Airlines sector makes pre-Copenhagen commitmentNovember 2009
Airlines, airports and aircraft manufacturers have said they will halve the aviation industry’s carbon emissions by 2050.
British Airways chief executive Willie Walsh announced the agreement on the International Air Transport Association’s behalf to world leaders at the recent United Nations climate change forum in New York.
Other proposals submitted by Walsh for the industry include:
making all aviation growth carbon-neutral by 2020
cutting carbon dioxide emissions by 1.5 per cent every year for the next decade
a global carbon trading scheme.
If the UN accepts the proposals they will be on the agenda at next month’s climate change conference in Copenhagen.
The commitment comes after the Aviation Global Deal Group, a coalition of airlines, said carbon dioxide emissions from international aviation ‘must be integrated within [any] agreement, at a sectoral level’ in Copenhagen (EP10, issue 11, p3).
British Airways has warned, however, that such a scheme would add about £3billion ($4.9bn) annually to industry costs, which would be passed on to passengers through higher fares. The association represents 230 airlines comprising 93 per cent of scheduled international air traffic.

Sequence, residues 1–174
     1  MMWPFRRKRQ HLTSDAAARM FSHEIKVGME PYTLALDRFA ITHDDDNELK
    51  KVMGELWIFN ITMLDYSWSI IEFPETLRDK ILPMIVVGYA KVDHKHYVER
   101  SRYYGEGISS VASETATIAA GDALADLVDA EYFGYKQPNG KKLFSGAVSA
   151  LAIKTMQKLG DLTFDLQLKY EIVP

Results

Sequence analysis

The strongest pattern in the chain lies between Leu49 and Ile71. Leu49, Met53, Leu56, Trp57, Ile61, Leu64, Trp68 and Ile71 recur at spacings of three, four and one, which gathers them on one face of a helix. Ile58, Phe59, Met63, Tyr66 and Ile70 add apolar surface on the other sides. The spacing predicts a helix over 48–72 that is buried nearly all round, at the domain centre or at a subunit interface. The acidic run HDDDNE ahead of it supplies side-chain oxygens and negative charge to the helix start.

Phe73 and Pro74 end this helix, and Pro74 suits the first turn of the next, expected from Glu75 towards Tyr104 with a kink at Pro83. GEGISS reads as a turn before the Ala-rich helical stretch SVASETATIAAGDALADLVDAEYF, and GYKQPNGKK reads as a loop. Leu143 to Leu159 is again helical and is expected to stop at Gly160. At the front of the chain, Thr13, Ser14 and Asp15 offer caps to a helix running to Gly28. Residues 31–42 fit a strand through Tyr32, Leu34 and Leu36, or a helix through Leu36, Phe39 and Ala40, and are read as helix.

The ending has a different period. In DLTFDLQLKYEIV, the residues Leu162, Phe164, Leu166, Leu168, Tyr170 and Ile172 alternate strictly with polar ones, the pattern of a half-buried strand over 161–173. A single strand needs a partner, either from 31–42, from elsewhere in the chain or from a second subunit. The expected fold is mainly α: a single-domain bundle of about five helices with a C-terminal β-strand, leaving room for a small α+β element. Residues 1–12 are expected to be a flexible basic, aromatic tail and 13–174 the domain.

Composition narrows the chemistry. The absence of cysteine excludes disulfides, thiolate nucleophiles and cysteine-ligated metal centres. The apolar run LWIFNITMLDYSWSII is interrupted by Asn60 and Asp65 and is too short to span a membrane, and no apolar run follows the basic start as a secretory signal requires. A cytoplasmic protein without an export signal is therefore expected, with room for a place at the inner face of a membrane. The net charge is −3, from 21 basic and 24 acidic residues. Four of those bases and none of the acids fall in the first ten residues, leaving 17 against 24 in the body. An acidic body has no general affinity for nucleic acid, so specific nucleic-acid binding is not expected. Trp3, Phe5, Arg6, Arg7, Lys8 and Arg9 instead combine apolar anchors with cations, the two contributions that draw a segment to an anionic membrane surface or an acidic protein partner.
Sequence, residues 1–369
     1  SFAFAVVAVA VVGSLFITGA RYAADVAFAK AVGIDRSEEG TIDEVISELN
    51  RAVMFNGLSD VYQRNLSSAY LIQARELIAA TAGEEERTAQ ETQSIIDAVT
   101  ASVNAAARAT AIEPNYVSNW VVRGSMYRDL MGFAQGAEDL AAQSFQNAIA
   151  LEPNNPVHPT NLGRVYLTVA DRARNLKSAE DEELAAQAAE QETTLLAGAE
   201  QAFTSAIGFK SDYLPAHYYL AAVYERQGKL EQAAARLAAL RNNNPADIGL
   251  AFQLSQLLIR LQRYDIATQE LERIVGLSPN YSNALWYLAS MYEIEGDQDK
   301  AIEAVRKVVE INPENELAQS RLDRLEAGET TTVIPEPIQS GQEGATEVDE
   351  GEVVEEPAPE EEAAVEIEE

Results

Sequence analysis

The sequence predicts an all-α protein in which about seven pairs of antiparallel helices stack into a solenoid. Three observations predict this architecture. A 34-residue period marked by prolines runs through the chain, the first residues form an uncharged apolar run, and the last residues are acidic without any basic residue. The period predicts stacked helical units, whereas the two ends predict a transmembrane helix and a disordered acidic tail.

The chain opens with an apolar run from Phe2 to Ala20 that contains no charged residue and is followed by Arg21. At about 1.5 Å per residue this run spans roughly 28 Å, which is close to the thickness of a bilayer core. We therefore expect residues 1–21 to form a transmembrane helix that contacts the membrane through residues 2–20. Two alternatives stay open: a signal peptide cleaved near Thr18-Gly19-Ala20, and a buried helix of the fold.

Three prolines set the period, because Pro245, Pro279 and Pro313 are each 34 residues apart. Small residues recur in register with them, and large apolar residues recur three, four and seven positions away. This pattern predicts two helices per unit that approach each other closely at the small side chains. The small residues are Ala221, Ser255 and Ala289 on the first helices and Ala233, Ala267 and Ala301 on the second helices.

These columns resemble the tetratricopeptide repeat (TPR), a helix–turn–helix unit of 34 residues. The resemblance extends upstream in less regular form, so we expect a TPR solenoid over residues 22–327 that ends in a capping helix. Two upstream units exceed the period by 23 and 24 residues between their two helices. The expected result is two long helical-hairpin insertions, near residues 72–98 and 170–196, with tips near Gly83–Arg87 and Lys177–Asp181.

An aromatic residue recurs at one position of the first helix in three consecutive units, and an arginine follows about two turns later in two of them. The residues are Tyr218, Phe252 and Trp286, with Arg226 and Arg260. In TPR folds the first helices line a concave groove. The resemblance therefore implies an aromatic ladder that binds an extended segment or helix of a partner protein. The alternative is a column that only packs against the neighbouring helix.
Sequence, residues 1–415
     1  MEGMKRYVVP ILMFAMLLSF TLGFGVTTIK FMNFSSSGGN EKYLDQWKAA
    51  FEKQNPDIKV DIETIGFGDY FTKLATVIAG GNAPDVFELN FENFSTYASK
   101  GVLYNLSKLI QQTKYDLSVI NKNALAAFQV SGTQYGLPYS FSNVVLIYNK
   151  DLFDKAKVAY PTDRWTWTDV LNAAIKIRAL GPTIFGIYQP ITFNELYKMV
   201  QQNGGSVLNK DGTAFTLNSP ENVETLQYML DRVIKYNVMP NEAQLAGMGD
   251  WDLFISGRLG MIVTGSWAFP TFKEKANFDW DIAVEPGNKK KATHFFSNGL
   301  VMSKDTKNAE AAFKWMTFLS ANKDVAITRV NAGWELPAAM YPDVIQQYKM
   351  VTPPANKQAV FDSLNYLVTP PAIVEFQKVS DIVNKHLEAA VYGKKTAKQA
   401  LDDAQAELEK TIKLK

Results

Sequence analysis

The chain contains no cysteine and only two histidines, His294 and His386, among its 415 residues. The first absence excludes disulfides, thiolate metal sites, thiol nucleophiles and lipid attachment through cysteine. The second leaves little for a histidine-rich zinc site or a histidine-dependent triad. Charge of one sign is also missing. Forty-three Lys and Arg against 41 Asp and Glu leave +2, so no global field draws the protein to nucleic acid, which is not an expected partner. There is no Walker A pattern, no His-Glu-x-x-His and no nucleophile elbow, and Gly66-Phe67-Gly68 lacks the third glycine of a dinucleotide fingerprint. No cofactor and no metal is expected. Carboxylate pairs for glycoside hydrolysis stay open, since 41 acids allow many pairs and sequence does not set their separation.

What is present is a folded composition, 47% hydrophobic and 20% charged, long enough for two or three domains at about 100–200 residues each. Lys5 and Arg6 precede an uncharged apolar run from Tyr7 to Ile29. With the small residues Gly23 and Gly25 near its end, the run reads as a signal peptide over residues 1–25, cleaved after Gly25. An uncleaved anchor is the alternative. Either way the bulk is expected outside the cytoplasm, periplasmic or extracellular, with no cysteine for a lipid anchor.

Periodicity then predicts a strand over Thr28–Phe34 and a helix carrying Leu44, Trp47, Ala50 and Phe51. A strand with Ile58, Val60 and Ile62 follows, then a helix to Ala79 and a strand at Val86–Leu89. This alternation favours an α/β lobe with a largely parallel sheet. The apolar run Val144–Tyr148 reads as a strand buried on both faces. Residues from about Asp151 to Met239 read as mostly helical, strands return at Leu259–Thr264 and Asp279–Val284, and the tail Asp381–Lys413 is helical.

Independently, a coalition including airlines, air traffic control groups and the UK’s Civil Aviation Authority has also taken steps to cut airport emissions and noise.
It has drawn up an interim Departures Code of Practice which recommends that aeroplanes shut down one engine during taxi operations, thereby reducing fuel burn and carbon dioxide emissions by 20 to 40 per cent. Cutting off one engine also significantly reduces noise levels.
The code has been produced by the Sustainable Aviation coalition, whose supporters include BAA, British Airways, easyJet, Monarch and Virgin Atlantic.
Jill Brady, Virgin Atlantic’s corporate responsibility director, said operators would be encouraged to switch off engines ‘when safe and operationally feasible to do so’.
Aviation accounts for 1.6 per cent of global greenhouse gas emissions, but is predicted to become the biggest emitter in the developed world if it continues to grow unchecked.
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